Berlin Terror Attack
Suspect Is 23-Year-Old Pakistani Man
Officials in Germany are now calling the semi-truck attack on a Christmas market in Berlin a "terrorist" incident. Twelve were killed and 48 injured in the incident. Officials are questioning a man arrested in connection with the killings.
Investigators in Berlin believe a man deliberately drove a semi-truck into a crowded Christmas market on Monday night in an apparent attack that left 12 people dead and 48 injured, 18 of them seriously.
Speaking on Tuesday, German Chancellor Angela Merkel said it had to be assumed that it was a terrorist attack. "It would be especially hard for us all to bear if it were confirmed that (the) person who committed this act was someone who sought protection and asylum," she said.
German Interior Minister Thomas de Maizière, speaking after Merkel, went a step further, saying: "We no longer have any doubt that the awful incident last night was an attack."
Several German media outlets have reported that the man detained in the incident, who is suspected of having been the driver of the truck, came to Germany via the Balkan Route and arrived in the country through the southern city of Passau. Security sources say that investigators are looking very closely at the suspect's communications data. Their hope is that the data might shed light on whether the man was "coached" from another country prior to the attack.
Foto: TOBIAS SCHWARZ/ AFP
Photo Gallery: The Day After the Catastrophe
Police arrested the suspect near Berlin's Siegessäule,or Victory Column, monument on Monday night. He is believed to have been the driver of the truck. According to information obtained by SPIEGEL ONLINE, the suspect is named Naved (or Navid) B. Sources within government circles said the man is 23-year-old from Pakistan.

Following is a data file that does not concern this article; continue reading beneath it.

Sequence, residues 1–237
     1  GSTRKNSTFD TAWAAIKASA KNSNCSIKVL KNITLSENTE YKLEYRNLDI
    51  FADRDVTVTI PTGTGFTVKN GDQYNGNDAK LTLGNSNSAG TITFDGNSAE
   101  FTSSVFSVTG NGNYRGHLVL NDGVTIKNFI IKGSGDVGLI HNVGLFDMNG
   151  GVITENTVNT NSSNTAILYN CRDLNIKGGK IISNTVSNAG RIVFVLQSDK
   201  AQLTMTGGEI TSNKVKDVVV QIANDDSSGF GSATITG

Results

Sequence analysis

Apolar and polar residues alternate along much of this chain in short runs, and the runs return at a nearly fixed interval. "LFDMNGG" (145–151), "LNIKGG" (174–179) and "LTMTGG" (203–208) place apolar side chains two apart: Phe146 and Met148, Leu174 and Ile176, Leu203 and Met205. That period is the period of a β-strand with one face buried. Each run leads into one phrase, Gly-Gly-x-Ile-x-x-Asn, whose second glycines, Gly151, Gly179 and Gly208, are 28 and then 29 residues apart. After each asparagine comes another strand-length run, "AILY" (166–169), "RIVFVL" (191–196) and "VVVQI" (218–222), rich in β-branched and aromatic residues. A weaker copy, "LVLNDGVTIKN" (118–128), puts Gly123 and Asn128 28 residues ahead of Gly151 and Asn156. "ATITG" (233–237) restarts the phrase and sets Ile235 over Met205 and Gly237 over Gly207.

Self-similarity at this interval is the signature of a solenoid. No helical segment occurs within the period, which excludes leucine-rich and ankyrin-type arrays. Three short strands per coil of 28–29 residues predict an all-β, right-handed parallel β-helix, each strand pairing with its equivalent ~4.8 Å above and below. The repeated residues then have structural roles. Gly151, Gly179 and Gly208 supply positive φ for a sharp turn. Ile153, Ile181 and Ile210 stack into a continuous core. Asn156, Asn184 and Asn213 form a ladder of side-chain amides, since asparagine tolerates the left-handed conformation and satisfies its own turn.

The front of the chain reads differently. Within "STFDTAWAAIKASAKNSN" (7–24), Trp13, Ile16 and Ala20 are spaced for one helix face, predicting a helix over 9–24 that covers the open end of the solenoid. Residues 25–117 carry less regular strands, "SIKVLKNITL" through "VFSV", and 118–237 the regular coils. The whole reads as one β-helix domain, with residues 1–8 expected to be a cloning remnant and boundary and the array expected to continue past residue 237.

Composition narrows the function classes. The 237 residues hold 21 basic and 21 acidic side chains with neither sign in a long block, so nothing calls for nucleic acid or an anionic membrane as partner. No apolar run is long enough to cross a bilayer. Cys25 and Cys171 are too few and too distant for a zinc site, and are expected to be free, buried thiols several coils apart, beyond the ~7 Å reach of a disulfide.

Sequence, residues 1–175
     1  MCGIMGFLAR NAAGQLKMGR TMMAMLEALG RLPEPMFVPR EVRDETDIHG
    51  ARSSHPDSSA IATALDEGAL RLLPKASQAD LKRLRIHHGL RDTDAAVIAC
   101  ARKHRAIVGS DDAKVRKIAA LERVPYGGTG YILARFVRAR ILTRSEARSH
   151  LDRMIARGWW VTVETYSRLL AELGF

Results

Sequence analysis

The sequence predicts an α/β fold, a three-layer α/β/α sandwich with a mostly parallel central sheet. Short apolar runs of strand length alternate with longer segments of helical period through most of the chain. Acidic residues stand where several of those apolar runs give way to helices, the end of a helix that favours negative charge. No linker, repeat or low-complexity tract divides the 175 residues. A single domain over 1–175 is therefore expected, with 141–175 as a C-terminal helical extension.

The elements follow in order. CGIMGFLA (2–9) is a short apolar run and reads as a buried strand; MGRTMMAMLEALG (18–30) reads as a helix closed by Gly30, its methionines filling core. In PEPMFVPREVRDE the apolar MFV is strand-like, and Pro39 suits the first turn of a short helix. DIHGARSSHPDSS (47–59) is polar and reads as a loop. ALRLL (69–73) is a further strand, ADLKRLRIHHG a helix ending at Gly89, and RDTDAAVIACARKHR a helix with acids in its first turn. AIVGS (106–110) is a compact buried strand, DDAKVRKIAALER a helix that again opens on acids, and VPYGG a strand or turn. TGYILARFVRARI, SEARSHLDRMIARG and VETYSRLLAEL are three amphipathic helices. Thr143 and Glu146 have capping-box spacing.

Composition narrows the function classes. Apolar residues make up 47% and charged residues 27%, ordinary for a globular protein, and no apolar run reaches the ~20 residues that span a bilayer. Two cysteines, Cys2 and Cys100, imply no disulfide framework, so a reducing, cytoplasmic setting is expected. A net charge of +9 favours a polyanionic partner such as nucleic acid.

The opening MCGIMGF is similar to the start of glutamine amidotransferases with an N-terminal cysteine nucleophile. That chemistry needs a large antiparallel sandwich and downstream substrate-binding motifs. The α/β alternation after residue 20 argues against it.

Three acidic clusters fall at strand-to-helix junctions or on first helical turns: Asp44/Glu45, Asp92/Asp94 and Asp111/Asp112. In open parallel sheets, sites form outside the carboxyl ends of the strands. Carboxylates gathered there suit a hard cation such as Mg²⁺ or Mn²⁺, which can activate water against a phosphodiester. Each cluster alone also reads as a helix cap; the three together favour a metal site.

The sources say that he traveled to Germany on Feb. 1, 2016, and that he has held a residence permit since June 2, 2016. These details, however, are preliminary in nature because it's also possible that the suspect used forged IDs and alias names.
Polish Passenger Killed
The apparent attack was committed using a dark gray truck with Polish license plates just after 8 p.m. on Monday night. The driver veered through a 50- to 80-meter long stretch of the Christmas market at a high speed, destroying several stands. Police have also confirmed that a passenger in the truck, a Polish national, was killed, perhaps having been shot prior to the attack on the Christmas market.
A man named Ariel Z. told the Polish television station TVN 24 that the truck used in the attack belonged to his firm, a Polish shipping company. He said he had no longer been able to reach his cousin, who had been driving the truck before the incident, by phone after around 4 p.m. on Monday. He said he was certain his cousin was not the perpetrator. "Something must have been done to him," he said.
Ariel Z. said the truck had been used to transport steel construction equipment from Italy to Berlin. Because of a delay, the driver had to wait until Tuesday and had parked the truck in Berlin. But Berlin police are also pursuing suspicions that the truck was stolen from a construction site in Poland.
Following Monday's events, Berlin Mayor Michael Müller said it had been "very depressing, a shock, because we had always hoped that we wouldn't have this situation in Berlin." He added, however, that the situation was under control. The police also stated there is no indication of any further dangerous developments in the city.
That attack has shocked many around the world. United States president-elect Donald Trump called it a "horrifying terror attack" in a statement. "Innocent civilians were murdered in the streets as they prepared to celebrate the Christmas holiday."
In France, where 80 people died in a similar truck attack in Nice during Bastille Day festivities in July, President François Hollande wrote on his official Twitter account that the French people shared "solidarity and compassion with Chancellor Merkel, the German people and the families of Berlin victims." Meanwhile, Prime Minister Bernard Cazeneuve wrote on Twitter, "All of France is standing at Germany's side."